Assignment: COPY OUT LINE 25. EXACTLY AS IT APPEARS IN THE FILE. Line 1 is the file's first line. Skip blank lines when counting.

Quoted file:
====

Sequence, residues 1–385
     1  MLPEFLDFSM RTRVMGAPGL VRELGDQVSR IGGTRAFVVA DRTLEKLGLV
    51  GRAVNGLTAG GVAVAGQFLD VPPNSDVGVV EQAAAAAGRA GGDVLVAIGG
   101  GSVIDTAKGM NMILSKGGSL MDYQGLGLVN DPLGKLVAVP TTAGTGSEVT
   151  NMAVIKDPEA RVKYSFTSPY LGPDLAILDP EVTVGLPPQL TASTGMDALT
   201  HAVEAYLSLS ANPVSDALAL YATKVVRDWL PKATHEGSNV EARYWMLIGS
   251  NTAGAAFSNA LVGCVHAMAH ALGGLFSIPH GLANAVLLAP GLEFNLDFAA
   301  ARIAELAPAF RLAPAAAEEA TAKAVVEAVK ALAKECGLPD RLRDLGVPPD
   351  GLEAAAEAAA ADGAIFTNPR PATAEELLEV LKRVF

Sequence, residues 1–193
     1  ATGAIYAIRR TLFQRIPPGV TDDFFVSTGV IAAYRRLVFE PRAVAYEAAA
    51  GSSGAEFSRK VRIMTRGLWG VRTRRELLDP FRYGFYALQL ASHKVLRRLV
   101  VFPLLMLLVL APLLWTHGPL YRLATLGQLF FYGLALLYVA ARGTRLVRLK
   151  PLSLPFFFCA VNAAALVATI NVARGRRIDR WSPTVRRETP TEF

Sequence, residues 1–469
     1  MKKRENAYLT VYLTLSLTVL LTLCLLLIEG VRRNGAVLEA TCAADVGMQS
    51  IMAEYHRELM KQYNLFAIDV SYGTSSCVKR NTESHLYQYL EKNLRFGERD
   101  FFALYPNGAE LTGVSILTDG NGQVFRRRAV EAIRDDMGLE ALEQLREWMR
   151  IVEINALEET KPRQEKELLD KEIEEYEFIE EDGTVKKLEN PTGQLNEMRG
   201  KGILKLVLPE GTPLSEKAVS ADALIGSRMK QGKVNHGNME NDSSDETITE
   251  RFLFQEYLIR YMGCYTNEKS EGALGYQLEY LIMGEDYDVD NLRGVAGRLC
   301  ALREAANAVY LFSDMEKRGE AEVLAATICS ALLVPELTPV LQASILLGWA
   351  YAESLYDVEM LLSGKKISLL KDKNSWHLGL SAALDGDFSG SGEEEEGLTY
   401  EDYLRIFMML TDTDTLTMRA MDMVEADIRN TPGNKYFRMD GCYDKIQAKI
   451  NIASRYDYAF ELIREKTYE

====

   451  NIASRYDYAF ELIREKTYE